In a chronic feedingstudy reported by Smyth (1950, 1955), rats and dogs were fed with polyethylene glycol (PEG 200; CAS 25322-68-3) for two and one year, respectively. At a level of 2% in the diet which corresponds to a dose of1000 mg/kg bw/day no adverse effectswere observed.


1-Dodecanol (CAS 112-53-8) was tested in rats in a combined repeated-dose and reproductive/developmental toxicity screening (Hansen, 1992). Animals received dietary concentrations of 1500, 7500 or 30,000 ppm during all phases in the production of a single generation; the composition of the diet was adjusted to take account of the caloric incorporation of the test material. In males, there were no effects recorded other than a reduction in mean white blood cell count (15, 38 and 32% reduction for the low mid or high dose group, respectively) and changes in free cholesterol (38% reduction in the mid dose group) and triglycerides (46% reduction at the top dose level). In the absence of any changes in the differential white cell count, the observed reduction in total WBC is considered of uncertain significance. A reduction in plasma cholesterol was observed in the middle dose group; this was considered a chance finding associated with 2 outlying values. Although the reduction in plasma triglycerides and cholesterol levels may be indicative of marginal effects in the liver, the differences in composition of the test diets between control and the treatment groups may have confounded some of the parameters measured in this study. The NOAELwas set at 30,000 ppm (2000 mg/kg bw/day).

In a 13-week study in rats 1-hexadecanol (CAS 36653-82-4) was administered in the dietat concentrations of 0, 1, 2.5 or 5%; the level in the highest dose group being increased stepwise to 10% during the last 3 weeks of the study (Scientific Assoc., 1966). Reductions in body weight gain (82-90% of control values) and food consumption (76 – 90% of control values) in the highest dose group and, occasionally, at the 2.5% level were the main findings of this study. Relative liver weights were increased in males at the top dose level (124% of control values) but in the absence of any microscopic findings the significance of this change is uncertain. A NOAELwas established at a dietary concentration of 1% (equivalent to ca.750 mg/kg bw/day) based on the reductions in body weight gain and food consumption.

Gastrointestinal irritation, particularly of the forestomach, was the primary effect after application via gavage but not after application via the diet. This is consistent with the slight irritant properties of the AE and the bolus effect after application by gavage. Moreover, administration via gavage does not allow differentiating between systemic effects as a consequence of the local irritation or due to specific substance properties. Hence, the NOAEL used for the risk assessment should be based on a dietary study to avoid too conservative assumptions.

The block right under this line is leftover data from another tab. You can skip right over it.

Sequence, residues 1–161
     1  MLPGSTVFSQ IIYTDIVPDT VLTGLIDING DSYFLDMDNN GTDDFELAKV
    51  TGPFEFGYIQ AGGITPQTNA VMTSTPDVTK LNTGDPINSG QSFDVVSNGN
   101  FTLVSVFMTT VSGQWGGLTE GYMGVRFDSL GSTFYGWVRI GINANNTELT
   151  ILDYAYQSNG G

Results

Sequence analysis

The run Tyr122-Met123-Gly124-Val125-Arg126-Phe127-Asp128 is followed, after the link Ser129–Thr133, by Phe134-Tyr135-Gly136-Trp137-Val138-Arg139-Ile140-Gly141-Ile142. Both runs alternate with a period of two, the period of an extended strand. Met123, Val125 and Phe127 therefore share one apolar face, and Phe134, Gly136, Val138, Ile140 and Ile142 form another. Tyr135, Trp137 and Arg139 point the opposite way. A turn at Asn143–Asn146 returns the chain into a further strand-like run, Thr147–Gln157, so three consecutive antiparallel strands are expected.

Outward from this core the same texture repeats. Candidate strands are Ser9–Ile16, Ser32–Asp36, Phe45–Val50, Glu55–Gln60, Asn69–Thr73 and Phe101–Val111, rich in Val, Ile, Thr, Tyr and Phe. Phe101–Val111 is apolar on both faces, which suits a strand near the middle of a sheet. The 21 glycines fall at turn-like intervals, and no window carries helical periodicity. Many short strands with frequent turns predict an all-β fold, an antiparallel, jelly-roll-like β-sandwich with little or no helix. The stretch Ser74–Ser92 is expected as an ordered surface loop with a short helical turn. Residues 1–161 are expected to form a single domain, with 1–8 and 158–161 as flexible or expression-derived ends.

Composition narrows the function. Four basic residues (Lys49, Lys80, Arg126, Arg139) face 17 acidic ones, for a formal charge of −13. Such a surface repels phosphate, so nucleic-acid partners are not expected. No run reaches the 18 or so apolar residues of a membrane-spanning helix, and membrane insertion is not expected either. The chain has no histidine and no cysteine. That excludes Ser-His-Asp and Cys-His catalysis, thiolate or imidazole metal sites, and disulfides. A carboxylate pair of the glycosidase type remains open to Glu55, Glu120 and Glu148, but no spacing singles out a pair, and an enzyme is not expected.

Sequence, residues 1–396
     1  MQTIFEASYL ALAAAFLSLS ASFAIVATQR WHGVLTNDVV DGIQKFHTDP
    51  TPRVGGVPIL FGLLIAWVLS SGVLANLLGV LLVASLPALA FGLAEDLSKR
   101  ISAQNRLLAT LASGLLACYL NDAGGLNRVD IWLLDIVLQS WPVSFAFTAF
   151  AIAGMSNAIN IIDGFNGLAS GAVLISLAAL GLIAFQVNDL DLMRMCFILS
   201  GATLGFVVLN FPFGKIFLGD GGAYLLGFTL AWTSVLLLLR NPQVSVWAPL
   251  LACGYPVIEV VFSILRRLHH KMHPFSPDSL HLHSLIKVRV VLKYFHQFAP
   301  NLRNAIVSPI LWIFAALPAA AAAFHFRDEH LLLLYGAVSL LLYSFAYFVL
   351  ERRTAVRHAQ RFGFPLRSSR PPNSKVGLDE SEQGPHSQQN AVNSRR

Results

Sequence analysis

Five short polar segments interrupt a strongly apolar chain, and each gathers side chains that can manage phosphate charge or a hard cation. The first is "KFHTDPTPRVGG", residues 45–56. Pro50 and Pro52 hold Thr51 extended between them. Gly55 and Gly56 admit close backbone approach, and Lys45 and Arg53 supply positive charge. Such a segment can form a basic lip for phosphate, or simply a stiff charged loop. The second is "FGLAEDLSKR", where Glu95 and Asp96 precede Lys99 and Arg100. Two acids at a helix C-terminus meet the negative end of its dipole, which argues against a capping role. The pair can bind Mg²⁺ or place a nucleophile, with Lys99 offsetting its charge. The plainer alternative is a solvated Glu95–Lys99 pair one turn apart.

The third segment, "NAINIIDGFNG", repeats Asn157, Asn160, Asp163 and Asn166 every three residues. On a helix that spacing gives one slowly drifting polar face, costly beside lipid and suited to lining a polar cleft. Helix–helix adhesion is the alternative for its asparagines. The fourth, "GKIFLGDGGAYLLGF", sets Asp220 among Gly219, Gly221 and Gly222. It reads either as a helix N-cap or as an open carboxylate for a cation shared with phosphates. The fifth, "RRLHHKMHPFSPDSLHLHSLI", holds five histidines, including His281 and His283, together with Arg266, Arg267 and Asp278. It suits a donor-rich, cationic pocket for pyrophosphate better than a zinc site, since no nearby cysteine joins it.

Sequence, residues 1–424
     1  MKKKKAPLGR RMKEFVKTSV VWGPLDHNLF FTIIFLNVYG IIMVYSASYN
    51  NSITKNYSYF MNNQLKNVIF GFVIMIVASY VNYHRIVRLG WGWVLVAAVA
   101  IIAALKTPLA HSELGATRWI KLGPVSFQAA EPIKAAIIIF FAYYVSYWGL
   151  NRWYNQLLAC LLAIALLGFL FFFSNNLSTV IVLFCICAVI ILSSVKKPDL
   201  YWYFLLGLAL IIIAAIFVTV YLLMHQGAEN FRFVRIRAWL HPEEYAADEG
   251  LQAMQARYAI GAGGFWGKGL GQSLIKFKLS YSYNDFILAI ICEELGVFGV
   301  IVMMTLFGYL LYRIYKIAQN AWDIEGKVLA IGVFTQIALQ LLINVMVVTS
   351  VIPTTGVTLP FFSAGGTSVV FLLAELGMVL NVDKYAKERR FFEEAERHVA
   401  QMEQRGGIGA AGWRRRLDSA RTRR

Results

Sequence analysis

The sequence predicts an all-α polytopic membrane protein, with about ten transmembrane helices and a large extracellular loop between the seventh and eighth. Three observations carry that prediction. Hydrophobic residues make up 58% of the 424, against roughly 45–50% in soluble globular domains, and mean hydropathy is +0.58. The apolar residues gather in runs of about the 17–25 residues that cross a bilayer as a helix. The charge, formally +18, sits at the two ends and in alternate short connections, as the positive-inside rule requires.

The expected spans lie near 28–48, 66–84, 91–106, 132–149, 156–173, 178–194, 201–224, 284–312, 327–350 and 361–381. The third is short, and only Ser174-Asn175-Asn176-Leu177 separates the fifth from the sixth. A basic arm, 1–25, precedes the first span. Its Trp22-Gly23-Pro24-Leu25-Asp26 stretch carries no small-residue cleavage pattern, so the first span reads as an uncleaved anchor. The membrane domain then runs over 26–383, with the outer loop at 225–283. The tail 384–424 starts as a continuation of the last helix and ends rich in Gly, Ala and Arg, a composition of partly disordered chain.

All dietary NOAELs and LOAELs are listed in the table below. 

Dietary NOAELs and LOAELs (a.i.) for repeated dietary dose toxicity studies of AE





(mg/kg bw/day)


(mg/kg bw/day)





> 150

Granville et al.(1973)




> 500

Hendy (1982)

PEG 200



> 1000

Smyth (1950/1955)

Only for validation of read-across




> 2000

Hansen (1992)





Scientific Assoc. (1966)


No LOAELs could be detected in the presented studies with ethoxylated substances, i.e. all NOAELs represented the highest dose level used. Therefore the NOAEL of 150 mg/kg bw/d from Granville (1973) is low due to the dose levels used. This NOAEL is expected to be unrealistic low for risk assessment. To avoid an underestimation of risks after repeated dose the NOAEL of 1000 mg/kg bw/d (Smyth, 1950/1955) was disregarded as well for a conservative approach. Thus, the NOAEL of 500 mg/kg bw/d (Hendy, 1982) was chosen for risk assessment.

The available oral toxicity studies provide a coherent picture on the subchronic and chronic oral toxicity of AE. Based on the described effects and argumentations, the dietary NOAEL of 500 mg/kg bw/day (Hendy, 1982) representing an average of all NOAELs, was chosen for the risk assessment.


Justification for selection of repeated dose toxicity via oral route - systemic effects endpoint:
Reliable OECD Guideline study from which the relevant NOAEL was derived chosen.

Justification for classification or non-classification

According to the classification criteria of Directive 67/548/EEC and Regulation (EC) No 1272/2008 the substance does not need to be classified for repeated dose toxicity.